'It’s always the oil. While President Trump was hobnobbing with Saudi Crown Prince Mohammed bin Salman at the G-20 summit in Japan, brushing off a recent U.N. report about the prince’s role in the murder of Washington Post columnist Jamal Khashoggi, Secretary of State Mike Pompeo was in Asia and the Middle East, pleading with foreign leaders to support “Sentinel.” The aim of that administration plan: to protect shipping in the Strait of Hormuz and the Persian Gulf. Both Trump and Pompeo insisted that their efforts were driven by concern over Iranian misbehavior in the region and the need to ensure the safety of maritime commerce. Neither, however, mentioned one inconvenient three-letter word -- O-I-L -- that lay behind their Iranian maneuvering (as it has impelled every other American incursion in the Middle East since World War II).
Now, it’s true that the United States no longer relies on imported petroleum for a large share of its energy needs. Thanks to the fracking revolution, the country now gets the bulk of its oil -- approximately 75% -- from domestic sources. (In 2008, that share had been closer to 35%.) Key allies in NATO and rivals like China, however, continue to depend on Middle Eastern oil for a significant proportion of their energy needs. As it happens, the world economy -- of which the U.S. is the leading beneficiary (despite President Trump’s self-destructive trade wars) -- relies on an uninterrupted flow of oil from the Persian Gulf to keep energy prices low. By continuing to serve as the principal overseer of that flow, Washington enjoys striking geopolitical advantages that its foreign policy elites would no more abandon than they would their country’s nuclear supremacy.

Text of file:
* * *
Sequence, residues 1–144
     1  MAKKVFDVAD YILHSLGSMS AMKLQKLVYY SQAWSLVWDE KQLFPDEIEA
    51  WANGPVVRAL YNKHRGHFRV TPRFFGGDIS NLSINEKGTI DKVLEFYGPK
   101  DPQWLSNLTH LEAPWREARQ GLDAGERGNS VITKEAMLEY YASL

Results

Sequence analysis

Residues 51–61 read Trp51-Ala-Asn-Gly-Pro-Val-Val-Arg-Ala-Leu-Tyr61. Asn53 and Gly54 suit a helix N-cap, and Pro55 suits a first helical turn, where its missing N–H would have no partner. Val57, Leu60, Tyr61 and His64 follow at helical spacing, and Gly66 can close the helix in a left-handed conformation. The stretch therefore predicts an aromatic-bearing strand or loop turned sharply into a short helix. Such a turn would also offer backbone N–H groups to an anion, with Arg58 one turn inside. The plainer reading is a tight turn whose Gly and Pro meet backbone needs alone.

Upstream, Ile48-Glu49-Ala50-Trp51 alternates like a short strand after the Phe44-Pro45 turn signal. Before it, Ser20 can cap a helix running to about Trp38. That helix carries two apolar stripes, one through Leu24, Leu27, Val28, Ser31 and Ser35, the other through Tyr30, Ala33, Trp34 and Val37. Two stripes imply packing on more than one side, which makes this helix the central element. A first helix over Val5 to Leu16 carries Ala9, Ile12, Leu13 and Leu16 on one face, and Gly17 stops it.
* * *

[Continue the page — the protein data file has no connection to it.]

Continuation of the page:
This logic was spelled out clearly by President Barack Obama in a September 2013 address to the U.N. General Assembly in which he declared that “the United States of America is prepared to use all elements of our power, including military force, to secure our core interests” in the Middle East. He then pointed out that, while the U.S. was steadily reducing its reliance on imported oil, “the world still depends on the region’s energy supply and a severe disruption could destabilize the entire global economy.” Accordingly, he concluded, “We will ensure the free flow of energy from the region to the world.”'
Read more: OIL: The Missing Three-Letter Word in the Iran Crisis
Did you like this article?
Thank you for your vote!
21 February 2020
Ayatollah Tweets "Wealthy Zionists" Control America Amid Push To Get Him Banned From Twitter
From our advertisers
From our advertisers